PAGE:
‘Te Waka STEM’ aims to increase participation and engagement from Maori girls within the school, strengthening their pathways for future success. Designed by teachers James Lamb, Kris Watson and Dan Piper, the initiative has been launched in Year 9 and sees students working in groups to solve real-world problems put forward by community stakeholders. Just a few months in, and Te Waka STEM is already making an impact.
“The students are highly engaged and are actively collaborating in teams (hoe) to problem solve,” says James. “Also, students with learning differences such as dyslexia are expressing their creativity and seem well-matched to the programme.”
Implementation of the pilot has been made possible thanks to The Education Hub’s Bright Spots Awards, which support teachers to trial and develop innovative new practices through funding and mentorship.
“Without this award the programme simply could not have been implemented at our school due to financial restraints.”
As well as that, the team have benefited from SPARK workshops, professional learning and guidance from The Education Hub CEO Dr Nina Hood, and the opportunity to connect and share ideas with other schools who are also implementing STEM programmes.
A decile 6 school, Tauhara College has a roll of 633 and is predominantly NZ Pakeha (59%), Maori (33%) and Pacific Island (3%). Poor attendance, engagement and achievement of Maori students – particularly girls – is a major challenge, with their attendance across all year levels 10 – 15% percent below that of their NZ European female classmates.
“We believe this is due to a lack of engagement with current courses and it culminates in academic underachievement, and little or no participation by Maori girls in our senior level STEM programmes.”
The team hopes that by better engaging its Year 9 Maori female students, they’ll continue on to senior STEM based courses, and eventually careers in the field.
Dan says, “Subjects such as science, technology and maths are gateways to STEM based careers that are so desperately needing to be filled on a national level if New Zealand is to be competitive in future international markets.
“Underpinning this approach is a commitment and moral imperative to not only see our Maori girls achieving success as Maori, but doing so in contexts and learning pathways that will see them being the innovative, wicked-problem solving leaders of the future.”
The new learning programme builds future focussed skills and content knowledge that prepares students for a changing world.
Kris says, “It is our role to allow students to develop as learners, and as citizens, to fully prepare them for all endeavours beyond high school.”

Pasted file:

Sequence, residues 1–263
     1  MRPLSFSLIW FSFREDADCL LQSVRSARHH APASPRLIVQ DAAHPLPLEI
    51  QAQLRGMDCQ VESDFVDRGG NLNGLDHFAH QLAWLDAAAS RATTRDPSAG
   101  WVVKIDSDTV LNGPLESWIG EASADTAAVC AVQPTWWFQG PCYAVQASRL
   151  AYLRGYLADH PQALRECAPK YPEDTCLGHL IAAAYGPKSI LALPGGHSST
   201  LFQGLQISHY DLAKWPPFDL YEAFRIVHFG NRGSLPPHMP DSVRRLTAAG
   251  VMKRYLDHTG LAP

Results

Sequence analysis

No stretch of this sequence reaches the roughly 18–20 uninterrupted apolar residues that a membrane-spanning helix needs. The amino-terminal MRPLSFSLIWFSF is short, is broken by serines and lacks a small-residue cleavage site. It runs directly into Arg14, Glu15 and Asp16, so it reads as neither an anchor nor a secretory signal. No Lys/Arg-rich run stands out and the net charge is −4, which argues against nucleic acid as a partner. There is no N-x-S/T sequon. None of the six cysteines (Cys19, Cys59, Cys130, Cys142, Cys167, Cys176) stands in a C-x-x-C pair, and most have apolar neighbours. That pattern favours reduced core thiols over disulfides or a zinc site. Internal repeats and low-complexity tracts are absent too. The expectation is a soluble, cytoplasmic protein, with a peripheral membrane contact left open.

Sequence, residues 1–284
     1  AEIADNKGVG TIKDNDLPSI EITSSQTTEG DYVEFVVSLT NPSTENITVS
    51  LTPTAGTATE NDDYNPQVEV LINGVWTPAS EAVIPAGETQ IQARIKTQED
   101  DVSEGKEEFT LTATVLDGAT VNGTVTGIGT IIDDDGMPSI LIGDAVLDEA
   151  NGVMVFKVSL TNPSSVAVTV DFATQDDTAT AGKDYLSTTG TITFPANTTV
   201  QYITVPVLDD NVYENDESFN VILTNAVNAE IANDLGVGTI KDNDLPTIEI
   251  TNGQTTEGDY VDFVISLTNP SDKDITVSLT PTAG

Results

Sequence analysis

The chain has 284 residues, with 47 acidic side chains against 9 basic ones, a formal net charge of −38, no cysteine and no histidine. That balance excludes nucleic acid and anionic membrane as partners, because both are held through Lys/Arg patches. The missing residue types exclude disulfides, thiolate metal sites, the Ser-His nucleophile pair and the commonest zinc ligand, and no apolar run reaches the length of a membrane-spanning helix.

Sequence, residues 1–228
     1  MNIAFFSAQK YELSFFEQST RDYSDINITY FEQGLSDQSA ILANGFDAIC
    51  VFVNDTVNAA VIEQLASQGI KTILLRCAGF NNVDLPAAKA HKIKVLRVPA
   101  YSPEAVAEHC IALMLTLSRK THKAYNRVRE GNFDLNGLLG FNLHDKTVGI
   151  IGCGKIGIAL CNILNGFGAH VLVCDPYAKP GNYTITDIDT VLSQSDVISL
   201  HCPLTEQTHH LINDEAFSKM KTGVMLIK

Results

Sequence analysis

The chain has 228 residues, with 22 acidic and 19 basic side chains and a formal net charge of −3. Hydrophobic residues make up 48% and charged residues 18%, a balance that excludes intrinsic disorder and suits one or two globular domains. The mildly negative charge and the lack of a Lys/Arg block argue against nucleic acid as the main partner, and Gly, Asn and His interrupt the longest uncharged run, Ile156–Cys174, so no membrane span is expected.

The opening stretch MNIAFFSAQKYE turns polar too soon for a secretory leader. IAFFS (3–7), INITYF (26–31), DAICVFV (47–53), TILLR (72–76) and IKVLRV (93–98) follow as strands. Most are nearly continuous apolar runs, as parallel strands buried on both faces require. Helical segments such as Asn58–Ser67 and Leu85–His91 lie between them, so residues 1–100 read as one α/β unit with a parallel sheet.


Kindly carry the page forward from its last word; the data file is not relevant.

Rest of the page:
Significant progress has been made in a number of areas since the launch of the pilot scheme.
“Since the start of the year we have seen massive acceleration in the change of our practice. We’ve moved from a multi-structural approach towards a transdisciplinary one where all subject areas have morphed to become just STEM.
“Team teaching has also allowed us to observe different pedagogical approaches in the learning space so that we can embed them into our own practice. This has been most refreshing and has allowed us to continue to grow in our own learning journey as teachers.”
Innovative ideas that connect whanau with their child’s learning have also been introduced, including Te Waka Café, where whanau catch up with teachers once a fortnight at a local café to discuss student progress and course design.
James says the project has been a steep learning curve, and has taught them heaps, including the ability to work collaboratively as an effective team, and to move from a multidiscipline mindset to a transdisciplinary approach. They hope that this initiative will develop capacity within their school for other teams to plan and implement cross-curricular programmes, and perhaps even pave the way for other schools to start moving towards transdisciplinary learning.
First and foremost though they want to increase diversity in enrolment in Tauhara’s STEM courses and get more school leavers entering STEM based careers. And hopes are high.
“If the rest of the year and beyond continues as this year has started, the future of the Te Waka STEM Hub looks very exciting!”
Applications for the 2019 Bright Spots Awards open April 29 to June 14. The Bright Spots Awards support the development, evaluation and sharing of innovative practice in schools and ECE centres. For more information and to access the application form, go to www.theeducationhub.org.nz/brightspots